Yep, what Gavin says. On river with a lot of frog water and in really hot weather we’d fish only the heads and tails of pools. Sometimes in the middle of long slow stretches you’ll find a shallow bar that will get the current moving and create eddies. 

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If you are in a canoe or kayak, just fish it all (you kinda have to anyway without a motor), and you will figure it out quick enough, especially if you are an experienced angler on lakes and reservoir, like it sounds you are. When I first started I always looked for the deeper side of the river/creek to fish. If it is a turn, stay to the outside. If it's a straightaway, look to the bank and color of water to determine the side with the most depth and stick to those. Keep casting and you will pick up "patterns", usually related to current, breaks, wood, rocks, etc.

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If the water is less than a foot deep and you can see everything on the bottom for many feet around it, don't fish it.  If it's really deep and really slow, don't fish it this time of year.  Anything else COULD hold fish.  Sure, you can fish that deep water, but deep water in streams holds very little food compared to shallower water with good current, and the fish go to where the food is.  

If I'm in a jetboat, I do skip some water--especially long runs with gravelly banks and not much cover.  If I'm in a canoe, I fish everything that I can reach while drifting that could possibly hold a fish.  It's one of the reasons why I nearly always fish fast moving baits, classic run and gun power fishing, on streams and rivers.  It ain't rocket science.  It ain't all that hard to figure out where the fish have to be, and most days at least some of them will be willing to bite.

Optimum spots, though...smooth current, not strong enough to make the water riffle, but enough to make it roil and bulge slightly, depth 2-5 feet, and cover, either rocks, logs, or even chunks of mud that have fallen off clay banks.  Current breaks--the eddies alongside fast water, if more than a couple feet deep.  Drop-offs at the bottom of riffles, where a submerged bar that's only a foot or two deep drops off abruptly into 3 or more feet of water.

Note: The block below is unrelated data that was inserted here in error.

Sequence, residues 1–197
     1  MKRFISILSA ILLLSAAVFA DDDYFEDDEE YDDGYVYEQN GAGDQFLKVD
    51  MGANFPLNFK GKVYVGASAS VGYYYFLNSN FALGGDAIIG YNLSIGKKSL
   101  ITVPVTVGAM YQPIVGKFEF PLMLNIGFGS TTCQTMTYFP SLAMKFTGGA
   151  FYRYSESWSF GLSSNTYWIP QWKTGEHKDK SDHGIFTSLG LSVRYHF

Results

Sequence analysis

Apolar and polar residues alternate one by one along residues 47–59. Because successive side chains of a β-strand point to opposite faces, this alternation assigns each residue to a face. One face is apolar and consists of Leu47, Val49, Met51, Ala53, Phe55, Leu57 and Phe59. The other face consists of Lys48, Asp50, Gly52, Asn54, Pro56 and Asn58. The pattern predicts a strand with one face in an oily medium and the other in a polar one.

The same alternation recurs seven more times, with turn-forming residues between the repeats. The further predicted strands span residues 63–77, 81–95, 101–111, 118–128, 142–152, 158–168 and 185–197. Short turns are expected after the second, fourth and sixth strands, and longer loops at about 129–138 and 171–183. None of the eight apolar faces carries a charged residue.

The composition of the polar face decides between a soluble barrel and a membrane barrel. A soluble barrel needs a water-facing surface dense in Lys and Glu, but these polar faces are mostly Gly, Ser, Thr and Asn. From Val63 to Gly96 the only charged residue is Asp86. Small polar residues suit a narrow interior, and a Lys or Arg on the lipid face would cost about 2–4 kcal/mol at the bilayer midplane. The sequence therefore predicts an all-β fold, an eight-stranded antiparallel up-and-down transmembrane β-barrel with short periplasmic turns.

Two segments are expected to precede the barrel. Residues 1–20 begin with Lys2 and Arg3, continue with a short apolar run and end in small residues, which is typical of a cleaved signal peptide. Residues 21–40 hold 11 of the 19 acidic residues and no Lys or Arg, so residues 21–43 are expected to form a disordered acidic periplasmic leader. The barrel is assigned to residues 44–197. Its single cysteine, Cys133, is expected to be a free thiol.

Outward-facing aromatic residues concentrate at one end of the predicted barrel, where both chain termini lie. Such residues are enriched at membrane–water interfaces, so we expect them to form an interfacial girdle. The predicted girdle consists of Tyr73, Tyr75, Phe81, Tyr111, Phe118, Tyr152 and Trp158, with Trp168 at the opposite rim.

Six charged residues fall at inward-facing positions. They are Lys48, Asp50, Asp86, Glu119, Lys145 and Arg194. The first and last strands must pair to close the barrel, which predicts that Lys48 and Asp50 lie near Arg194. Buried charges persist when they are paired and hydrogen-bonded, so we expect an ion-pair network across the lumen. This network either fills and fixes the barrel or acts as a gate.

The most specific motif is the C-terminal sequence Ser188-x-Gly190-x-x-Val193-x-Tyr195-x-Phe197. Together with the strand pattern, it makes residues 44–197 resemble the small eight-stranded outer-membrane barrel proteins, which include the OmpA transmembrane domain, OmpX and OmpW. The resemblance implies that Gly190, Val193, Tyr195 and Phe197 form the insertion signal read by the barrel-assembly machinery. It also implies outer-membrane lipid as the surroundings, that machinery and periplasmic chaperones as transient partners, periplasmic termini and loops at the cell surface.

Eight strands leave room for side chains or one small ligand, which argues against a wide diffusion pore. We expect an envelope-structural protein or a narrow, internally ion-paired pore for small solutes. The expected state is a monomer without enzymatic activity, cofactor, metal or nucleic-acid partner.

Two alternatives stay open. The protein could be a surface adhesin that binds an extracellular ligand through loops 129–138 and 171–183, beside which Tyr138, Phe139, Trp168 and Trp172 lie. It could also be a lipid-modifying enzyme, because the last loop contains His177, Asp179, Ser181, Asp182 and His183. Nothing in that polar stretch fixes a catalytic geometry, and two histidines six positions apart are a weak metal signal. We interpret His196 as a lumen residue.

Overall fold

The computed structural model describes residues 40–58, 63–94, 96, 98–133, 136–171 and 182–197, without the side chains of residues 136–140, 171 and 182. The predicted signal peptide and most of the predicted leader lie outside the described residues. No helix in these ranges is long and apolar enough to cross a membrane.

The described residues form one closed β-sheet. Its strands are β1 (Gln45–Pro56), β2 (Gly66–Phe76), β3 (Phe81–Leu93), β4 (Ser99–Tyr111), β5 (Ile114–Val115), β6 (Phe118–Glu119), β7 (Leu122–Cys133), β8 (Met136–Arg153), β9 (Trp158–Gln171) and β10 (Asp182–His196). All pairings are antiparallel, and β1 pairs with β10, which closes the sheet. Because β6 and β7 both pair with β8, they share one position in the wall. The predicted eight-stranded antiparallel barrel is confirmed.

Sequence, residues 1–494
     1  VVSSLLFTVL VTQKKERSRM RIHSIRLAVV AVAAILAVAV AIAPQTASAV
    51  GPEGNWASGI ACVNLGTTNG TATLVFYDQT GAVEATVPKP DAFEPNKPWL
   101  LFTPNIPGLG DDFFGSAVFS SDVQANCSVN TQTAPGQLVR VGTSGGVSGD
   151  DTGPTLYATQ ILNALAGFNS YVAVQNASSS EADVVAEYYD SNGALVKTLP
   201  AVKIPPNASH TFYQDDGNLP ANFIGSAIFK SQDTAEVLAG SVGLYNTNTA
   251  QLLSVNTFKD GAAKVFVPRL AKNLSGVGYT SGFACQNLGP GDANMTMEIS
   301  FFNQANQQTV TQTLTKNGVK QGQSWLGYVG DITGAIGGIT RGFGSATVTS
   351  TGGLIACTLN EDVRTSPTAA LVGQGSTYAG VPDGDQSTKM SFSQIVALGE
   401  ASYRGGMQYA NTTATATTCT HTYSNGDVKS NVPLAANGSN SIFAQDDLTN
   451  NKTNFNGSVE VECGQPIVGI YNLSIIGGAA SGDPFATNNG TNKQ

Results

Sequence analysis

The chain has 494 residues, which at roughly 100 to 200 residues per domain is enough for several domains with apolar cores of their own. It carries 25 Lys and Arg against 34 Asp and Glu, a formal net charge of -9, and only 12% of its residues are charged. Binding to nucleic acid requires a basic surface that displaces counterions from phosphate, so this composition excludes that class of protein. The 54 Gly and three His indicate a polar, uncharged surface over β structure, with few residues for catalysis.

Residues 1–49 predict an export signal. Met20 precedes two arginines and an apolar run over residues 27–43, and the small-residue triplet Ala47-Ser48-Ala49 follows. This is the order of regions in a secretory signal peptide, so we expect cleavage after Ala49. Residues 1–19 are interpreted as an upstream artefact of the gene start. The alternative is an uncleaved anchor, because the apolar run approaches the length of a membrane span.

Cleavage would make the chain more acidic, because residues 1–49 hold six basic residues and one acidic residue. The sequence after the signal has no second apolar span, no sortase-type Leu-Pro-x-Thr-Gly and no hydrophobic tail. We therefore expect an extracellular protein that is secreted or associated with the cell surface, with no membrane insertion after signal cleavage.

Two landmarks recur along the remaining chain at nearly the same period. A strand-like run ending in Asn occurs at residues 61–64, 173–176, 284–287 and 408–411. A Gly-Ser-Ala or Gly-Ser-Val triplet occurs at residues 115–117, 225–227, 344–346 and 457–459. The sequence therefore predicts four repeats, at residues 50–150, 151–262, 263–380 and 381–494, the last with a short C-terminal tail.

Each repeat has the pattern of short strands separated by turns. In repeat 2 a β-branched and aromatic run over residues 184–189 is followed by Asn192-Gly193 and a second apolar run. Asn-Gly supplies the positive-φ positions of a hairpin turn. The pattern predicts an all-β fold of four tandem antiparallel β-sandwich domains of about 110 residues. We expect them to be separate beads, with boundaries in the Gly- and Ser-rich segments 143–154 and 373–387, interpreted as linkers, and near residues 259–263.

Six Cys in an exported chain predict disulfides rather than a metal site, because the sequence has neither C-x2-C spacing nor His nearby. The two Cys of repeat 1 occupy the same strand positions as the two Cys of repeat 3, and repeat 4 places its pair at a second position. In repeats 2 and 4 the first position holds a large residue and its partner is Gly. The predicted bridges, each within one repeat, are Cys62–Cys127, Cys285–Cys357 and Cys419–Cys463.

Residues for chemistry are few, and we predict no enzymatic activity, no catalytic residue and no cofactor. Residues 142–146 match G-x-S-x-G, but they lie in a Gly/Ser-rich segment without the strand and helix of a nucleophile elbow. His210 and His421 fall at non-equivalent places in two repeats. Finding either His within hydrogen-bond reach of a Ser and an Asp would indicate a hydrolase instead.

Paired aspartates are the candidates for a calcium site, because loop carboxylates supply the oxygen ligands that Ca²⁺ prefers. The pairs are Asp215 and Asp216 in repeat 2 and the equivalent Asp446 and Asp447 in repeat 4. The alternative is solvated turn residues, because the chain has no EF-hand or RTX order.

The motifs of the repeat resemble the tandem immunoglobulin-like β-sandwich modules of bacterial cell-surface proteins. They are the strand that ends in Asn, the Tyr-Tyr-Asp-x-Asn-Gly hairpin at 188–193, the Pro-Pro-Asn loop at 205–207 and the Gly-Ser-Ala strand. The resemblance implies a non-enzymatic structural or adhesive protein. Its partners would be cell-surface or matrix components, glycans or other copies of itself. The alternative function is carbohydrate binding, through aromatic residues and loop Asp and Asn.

With apologies to Carp, live bait isn't magic.  You still have to know where to put it and how to approach that spot.  In fact, I will bet that I can catch more fish most days fishing the way I do with lures than the average minnow drowner can.  I haven't fished live bait since I was a teenager.  What convinced me that it wasn't magic was a single experience I had.  Back then I fished a certain spot with live crawdads that I caught by hand on the river just before fishing that spot.  I fished it probably 30 or more times one summer, riding my bike down to the river and catching the crawdads and heading to that one perfect spot, a deep pocket around a huge log at the bottom of a fast riffle.  I almost never failed to catch several nice smallmouth out of that spot.  One day, just as I approached the spot to start fishing, an old guy (seemed old to me then, probably younger than I am now) came paddling through the riffle in a cedar and canvas canoe, and asked me if he could make a cast or two to that spot before I started fishing.  I was a kid, and taught to respect my elders, so I told him sure, I didn't mind.  He made one cast, with an old Shannon Twin Spin, and pulled out a 4 3/4th pound smallmouth...the biggest I'd caught fishing that spot all summer was maybe 2 pounds!

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Good Luck Mark! 

You will get better the more often you can get out there, but it’s relatively easy.

light or medium light spinning. Medium action bait caster.

A few smallie sized lures and you’re good to go. No need to bring all you own.